LeBron James = King Kong?
I saw the cover of the “shape” issue of Vogue magazine, which features model Gisele Bündchen and LeBron James as examples for the story “Secrets of the Best Bodies.”
Initially confused after seeing the cover, I had to read an article by Kansas City Star columnist Jason Whitlock to grasp how one could consider the cover racist.
As Whitlock wrote, the cover came under scrutiny for presenting James “like King Kong clutching Fay Wray” while invoking an “idea of a dangerous black man.”
Maybe I was blinded by my adoration of Gisele’s pretty dress and LeBron’s hot tatts, but at first glance, I didn’t notice the King Kong-distressed damsel pose the duo assertedly formed.
It’s likely the reason LeBron ended up allegedly posing like an overpowering, frightening, so-called gorilla is because Vogue wanted to show the differences between his body type and Gisele’s – he is obviously more robust and more menacing as a powerful basketball player than she is as a waif model.
And it could have easily been her brawny boyfriend Tom Brady on the cover, holding her up in the same way, and with the same faux-fierce look on his face . but no one likes him.
LeBron is talented and popular; it’s just a coincidence that he’s dark-skinned.
It’s doubtful LeBron was asked to pose in such a way with negative implications, and that Vogue had such intentions, especially if LeBron went with it (and he did with gusto, from the looks of it).
Then again, unintentional as it may have been, it still seems something else is at play.
Dr. Jane Lehr, an ethnic studies assistant professor at Cal Poly, said many ethnic studies scholars study how black men are portrayed in sports and athletic representations.
“Both photographic representations and sport – including participation, prestige, rules, images, commentary, news, et cetera – are shaped by the complex history and contemporary practices of race in the United States,” she said.
Lehr referenced the 2007 article “The Construction of Black Masculinity: White Supremacy Now and Then” by Abby L. Ferber, associate professor of sociology and director of women’s studies at the University of Colorado at Colorado Springs.
“Abby Ferber suggests, via an analysis of the NBA and NFL, that black male bodies are represented as ‘inherently aggressive, hypersexual and violent’ and as needing to be ‘tamed and controlled’ within images of, and commentary and news about sport, whereas white players succeed because they are ‘smart,’ ” she said.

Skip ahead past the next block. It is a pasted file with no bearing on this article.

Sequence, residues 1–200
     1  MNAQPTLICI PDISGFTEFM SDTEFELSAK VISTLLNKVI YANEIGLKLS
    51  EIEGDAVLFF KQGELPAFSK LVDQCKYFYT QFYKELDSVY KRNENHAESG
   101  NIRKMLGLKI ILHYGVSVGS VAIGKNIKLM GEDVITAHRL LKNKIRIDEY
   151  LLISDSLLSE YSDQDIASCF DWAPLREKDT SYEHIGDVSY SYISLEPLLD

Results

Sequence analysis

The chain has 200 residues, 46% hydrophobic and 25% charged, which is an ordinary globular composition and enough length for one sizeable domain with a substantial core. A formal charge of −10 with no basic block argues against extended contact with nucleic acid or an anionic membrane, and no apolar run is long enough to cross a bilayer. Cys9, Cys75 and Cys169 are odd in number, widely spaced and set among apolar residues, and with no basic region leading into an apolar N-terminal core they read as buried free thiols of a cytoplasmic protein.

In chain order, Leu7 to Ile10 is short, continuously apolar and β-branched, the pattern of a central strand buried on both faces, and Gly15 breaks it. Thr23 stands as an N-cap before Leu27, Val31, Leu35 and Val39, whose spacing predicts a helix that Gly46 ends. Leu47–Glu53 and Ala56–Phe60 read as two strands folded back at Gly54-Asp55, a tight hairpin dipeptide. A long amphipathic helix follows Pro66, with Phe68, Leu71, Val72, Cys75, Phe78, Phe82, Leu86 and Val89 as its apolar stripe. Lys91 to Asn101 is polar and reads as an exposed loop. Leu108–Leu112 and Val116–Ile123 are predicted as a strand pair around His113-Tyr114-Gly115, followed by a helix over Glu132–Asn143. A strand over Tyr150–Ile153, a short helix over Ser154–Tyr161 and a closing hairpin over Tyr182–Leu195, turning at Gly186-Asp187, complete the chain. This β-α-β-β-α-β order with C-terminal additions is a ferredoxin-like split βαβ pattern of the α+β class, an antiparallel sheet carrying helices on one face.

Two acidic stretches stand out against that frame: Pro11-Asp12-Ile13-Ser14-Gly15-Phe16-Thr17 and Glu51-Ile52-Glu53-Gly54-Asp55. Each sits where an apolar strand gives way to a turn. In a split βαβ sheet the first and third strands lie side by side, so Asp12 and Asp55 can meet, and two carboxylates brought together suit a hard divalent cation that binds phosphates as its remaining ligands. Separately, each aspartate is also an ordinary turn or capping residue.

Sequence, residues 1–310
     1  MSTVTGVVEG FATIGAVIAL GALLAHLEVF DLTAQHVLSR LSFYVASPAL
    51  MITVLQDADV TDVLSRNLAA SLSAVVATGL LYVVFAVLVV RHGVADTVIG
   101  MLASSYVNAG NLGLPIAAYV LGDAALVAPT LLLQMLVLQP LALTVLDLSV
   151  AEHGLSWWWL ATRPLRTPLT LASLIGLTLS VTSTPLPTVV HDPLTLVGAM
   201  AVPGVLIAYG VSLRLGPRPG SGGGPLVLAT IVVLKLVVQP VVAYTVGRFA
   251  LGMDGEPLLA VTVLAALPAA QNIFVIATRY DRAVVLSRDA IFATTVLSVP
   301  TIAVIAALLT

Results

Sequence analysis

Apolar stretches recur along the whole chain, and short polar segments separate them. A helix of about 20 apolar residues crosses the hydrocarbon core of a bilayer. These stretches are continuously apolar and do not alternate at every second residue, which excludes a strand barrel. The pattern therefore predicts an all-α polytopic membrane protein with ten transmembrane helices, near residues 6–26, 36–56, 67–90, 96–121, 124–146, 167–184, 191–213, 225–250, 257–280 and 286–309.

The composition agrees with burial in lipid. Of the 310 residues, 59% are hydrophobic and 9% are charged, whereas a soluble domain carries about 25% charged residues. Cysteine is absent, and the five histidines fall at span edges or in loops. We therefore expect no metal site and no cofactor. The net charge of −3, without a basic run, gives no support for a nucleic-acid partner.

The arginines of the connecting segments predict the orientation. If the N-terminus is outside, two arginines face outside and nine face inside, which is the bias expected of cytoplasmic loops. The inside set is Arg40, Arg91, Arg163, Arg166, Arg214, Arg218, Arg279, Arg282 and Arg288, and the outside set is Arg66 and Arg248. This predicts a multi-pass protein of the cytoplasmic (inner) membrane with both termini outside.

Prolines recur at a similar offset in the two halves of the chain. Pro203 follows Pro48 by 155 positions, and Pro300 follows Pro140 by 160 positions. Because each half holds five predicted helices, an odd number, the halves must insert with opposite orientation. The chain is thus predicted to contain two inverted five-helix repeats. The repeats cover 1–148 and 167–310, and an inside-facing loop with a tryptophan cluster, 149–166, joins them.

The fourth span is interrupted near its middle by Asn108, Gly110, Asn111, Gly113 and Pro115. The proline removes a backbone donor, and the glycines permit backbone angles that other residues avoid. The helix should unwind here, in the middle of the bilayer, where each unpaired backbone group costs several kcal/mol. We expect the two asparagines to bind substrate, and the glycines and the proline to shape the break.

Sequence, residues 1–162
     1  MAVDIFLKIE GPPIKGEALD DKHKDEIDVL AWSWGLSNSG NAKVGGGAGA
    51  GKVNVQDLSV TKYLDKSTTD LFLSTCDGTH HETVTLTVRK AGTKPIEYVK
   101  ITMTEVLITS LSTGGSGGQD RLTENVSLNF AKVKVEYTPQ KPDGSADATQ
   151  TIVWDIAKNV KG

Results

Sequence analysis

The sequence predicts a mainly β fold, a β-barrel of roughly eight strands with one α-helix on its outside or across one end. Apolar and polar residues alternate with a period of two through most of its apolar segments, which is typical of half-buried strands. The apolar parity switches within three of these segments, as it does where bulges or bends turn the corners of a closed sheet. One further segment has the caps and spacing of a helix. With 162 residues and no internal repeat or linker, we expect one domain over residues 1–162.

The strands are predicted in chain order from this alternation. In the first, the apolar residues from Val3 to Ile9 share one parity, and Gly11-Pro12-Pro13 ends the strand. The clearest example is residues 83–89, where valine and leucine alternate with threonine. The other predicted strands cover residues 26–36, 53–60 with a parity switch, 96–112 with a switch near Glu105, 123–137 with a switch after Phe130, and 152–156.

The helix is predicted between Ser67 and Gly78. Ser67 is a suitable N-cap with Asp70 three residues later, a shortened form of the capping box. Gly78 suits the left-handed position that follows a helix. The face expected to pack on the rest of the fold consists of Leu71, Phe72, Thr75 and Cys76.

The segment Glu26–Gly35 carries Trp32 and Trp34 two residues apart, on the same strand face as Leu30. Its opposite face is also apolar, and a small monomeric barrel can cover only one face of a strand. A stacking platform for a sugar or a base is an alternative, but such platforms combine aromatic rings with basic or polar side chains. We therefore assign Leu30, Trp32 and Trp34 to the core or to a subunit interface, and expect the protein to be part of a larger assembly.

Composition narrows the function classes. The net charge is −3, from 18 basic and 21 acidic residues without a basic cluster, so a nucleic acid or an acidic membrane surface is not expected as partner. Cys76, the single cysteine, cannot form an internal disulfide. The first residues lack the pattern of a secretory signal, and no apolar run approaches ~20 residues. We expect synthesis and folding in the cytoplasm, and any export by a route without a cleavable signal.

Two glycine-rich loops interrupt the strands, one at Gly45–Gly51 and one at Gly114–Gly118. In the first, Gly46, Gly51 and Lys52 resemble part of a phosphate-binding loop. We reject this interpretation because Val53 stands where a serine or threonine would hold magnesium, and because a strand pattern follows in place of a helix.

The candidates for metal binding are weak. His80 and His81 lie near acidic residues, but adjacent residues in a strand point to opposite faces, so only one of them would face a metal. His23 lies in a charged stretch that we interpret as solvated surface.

Such representations of black men, in addition to admiration and worship of them as athletes, actually reinforces the notions of white supremacy and white male superiority, she added; thus, “within this context, it does make sense to ask critical questions about the Vogue magazine cover.”
Whitlock, of course, is no stranger to identifying and attacking supposed instances of racism. For instance, in his column entitled “The haters can’t handle the truth,” he condemns current criticism of American basketball as racist.
As we consider the offense the magazine cover may cause, does it matter that Whitlock is black?
Given the range of people voicing an outcry, race per se doesn’t matter so much as the history and experiences that contribute to people’s mindsets and worldviews, leading them to see racism and other forms of oppression where others don’t.
While those involved in creating the magazine cover may have been a little too creative, others instead have unfortunately managed to find cruelty and hate because of what they know, what they have discerned of the past and what their experiences have been.
Some people even find the cover to be sexist. Maybe it’s the same situation there.
I may be na’ve, but if you ask me, it just looks like LeBron and Gisele are having fun gaining fame and money – which has nothing to do with race. Or gender.
However, it’s important to take note of the effects pieces of art or commentary may have on anyone, no matter what contributes to individual perceptions. Emotions and thoughts are what they are despite the intentions behind their instigators.
Sara Wright is a Mustang Daily reporter and a journalism senior.